The first-ever study conducted to examine the impact of the pharmaceutical industry on breast cancer research has concluded that clinical trials which are supported by drugmakers are more likely to report positive results than those that are not.
There are also “significant differences” in the design of trials and types of questions which industry-sponsored trials address compared to those without company sponsorship, says the study, which will appear in the April 1, 2007 issue of the American Cancer Society journal Cancer.
The authors, led by Jeffrey Peppercorn of the University of North Carolina at Chapel Hill School of Medicine, acknowledge that the industry is a “significant contributor” to the R&D which is critical to developing new therapies, and that it spends far more than the US National Institutes of Health (NIH). However, they add that, as collaborations between the “for-profit” drug industry and academic medical centres increase, concern has grown over the impact of for-profit sponsorship on the nature and quality of the research and the potential for conflicts of interest. Studies in other areas of medicine have suggested that pharmaceutical sponsorship leads to a greater chance that a clinical trial will yield positive results, but the importance of this for patients and researchers, and whether this is also the case in cancer research, are not yet clear, they say.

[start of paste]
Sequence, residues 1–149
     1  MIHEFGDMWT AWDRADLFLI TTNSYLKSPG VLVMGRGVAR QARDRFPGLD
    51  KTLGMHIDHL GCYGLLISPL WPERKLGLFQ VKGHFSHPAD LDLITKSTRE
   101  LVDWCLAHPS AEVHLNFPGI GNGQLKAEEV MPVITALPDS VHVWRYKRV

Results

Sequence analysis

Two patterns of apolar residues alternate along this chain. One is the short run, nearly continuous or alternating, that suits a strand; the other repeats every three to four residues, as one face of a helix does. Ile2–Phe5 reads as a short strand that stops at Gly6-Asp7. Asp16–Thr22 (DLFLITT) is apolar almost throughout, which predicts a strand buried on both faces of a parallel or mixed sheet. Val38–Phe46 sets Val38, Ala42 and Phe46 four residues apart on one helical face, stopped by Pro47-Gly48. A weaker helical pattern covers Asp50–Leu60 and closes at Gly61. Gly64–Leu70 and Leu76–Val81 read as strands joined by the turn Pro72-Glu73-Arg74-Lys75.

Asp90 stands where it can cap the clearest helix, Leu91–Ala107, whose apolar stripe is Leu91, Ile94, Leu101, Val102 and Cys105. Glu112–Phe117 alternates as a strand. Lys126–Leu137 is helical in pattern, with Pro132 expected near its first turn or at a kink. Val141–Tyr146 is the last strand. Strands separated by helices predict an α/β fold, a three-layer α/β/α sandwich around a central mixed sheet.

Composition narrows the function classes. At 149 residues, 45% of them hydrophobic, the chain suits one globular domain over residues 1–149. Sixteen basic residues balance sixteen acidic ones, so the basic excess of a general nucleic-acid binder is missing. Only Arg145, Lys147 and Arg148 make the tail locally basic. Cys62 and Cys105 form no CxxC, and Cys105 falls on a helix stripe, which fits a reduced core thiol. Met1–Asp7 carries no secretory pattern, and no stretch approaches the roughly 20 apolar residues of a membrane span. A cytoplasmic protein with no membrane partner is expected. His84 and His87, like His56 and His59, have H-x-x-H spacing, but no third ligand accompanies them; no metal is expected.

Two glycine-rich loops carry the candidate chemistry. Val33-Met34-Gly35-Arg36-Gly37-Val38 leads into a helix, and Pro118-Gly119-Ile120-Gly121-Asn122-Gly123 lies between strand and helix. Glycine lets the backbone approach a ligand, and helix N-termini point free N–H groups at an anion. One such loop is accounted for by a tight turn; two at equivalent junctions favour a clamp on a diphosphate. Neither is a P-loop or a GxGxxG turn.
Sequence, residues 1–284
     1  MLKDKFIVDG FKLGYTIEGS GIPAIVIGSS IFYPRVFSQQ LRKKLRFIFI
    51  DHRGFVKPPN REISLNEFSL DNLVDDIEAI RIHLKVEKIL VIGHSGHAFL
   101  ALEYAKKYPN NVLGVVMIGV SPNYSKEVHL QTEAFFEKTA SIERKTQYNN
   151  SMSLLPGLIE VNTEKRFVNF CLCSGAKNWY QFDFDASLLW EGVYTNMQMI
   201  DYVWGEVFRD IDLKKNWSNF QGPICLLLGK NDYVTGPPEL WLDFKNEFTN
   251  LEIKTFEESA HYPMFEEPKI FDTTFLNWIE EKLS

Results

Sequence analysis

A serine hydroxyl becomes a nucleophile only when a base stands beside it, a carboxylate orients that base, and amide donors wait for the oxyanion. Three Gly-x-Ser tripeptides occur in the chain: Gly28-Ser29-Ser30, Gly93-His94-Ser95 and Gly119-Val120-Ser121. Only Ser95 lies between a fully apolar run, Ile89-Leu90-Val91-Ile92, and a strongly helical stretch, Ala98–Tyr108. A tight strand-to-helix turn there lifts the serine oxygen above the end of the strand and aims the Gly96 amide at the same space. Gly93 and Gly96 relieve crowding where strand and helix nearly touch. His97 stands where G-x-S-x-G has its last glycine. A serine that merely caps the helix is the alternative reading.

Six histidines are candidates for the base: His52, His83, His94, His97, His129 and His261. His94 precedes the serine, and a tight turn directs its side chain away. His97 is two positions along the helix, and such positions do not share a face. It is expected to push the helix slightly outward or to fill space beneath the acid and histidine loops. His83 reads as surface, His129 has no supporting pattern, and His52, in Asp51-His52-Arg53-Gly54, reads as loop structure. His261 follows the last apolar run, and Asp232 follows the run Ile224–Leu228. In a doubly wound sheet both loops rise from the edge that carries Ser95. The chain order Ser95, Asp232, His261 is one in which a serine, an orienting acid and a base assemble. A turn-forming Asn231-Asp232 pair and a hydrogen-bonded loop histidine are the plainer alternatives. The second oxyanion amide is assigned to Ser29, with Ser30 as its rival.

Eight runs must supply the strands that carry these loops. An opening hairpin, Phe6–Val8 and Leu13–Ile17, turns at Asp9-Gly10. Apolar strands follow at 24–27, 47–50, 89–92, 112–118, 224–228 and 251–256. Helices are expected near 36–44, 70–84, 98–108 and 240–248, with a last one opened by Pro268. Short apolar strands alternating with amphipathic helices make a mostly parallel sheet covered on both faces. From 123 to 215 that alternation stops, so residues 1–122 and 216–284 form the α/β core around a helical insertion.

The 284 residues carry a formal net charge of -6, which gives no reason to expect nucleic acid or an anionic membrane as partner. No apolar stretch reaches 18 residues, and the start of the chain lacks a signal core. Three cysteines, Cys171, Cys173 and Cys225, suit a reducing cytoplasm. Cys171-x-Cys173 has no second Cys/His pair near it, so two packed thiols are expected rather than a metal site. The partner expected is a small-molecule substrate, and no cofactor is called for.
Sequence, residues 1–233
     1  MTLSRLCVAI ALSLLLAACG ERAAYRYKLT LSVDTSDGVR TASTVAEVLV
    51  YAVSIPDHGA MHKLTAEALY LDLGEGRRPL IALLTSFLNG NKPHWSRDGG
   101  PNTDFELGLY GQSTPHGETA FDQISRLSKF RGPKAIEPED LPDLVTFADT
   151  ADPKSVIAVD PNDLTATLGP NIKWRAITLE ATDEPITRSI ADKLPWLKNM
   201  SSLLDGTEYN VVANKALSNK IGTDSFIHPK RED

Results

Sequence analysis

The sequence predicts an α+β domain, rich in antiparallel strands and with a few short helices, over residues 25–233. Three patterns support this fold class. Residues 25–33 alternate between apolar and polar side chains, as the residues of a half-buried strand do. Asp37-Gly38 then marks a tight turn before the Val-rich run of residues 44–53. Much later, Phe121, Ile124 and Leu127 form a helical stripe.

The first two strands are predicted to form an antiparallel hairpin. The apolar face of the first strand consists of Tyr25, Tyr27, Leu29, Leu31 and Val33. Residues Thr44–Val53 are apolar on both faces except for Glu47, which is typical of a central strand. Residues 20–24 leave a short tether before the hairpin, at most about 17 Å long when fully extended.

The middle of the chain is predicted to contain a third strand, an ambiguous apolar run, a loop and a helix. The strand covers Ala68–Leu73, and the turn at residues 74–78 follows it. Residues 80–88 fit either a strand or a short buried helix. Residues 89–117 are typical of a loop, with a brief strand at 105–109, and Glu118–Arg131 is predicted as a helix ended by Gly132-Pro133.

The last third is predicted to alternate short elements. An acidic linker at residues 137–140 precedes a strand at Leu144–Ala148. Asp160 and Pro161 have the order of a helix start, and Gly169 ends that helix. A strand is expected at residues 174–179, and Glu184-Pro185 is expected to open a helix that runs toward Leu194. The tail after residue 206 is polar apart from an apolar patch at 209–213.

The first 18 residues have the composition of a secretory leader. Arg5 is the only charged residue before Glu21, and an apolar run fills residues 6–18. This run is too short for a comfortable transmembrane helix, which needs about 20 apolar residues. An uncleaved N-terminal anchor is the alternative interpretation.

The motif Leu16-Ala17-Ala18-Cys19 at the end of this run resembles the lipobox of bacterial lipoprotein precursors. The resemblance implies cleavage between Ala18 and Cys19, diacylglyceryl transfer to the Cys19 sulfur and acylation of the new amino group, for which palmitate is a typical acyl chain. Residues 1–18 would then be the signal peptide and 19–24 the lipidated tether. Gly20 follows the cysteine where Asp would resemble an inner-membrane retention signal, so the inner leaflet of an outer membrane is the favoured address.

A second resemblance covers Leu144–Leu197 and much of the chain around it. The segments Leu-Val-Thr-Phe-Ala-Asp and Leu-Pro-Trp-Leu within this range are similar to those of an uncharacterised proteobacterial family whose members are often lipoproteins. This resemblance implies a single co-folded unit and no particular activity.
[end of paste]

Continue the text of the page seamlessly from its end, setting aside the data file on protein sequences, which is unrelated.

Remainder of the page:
Therefore, the authors reviewed 140 studies reporting breast cancer therapy results published over the past decade in select journals at five-year intervals. They discovered that 67 (48%) of the studies reported some form of drug company involvement – through co-authorship, supply of drug or financial support – and that company participation increased from 44% in 1993 to 58% in 2003.
Most importantly, studies involving drugmakers were found to be more likely to report positive results favouring the experimental therapy and significantly more likely to use “single arm” designs – where patients get the same treatment with no control group to compare efficacy. Company-sponsored trials also tend to target patients with advanced disease, the researchers add.
While these types of studies are important for identifying new effective drugs, they may not answer questions about optimal dosing, duration and identification of patients who may have better or worse outcomes on treatment, and these are important clinical factors for treatment guidelines, the authors comment.
The impact of growing pharmaceutical industry involvement in breast cancer research appears to be similar to the case elsewhere in medical R&D, they conclude, and warn that this relationship “may yield better therapies for treatment of breast cancer, but at the same time focus research on some clinical problems while neglecting others.” Lynne Taylor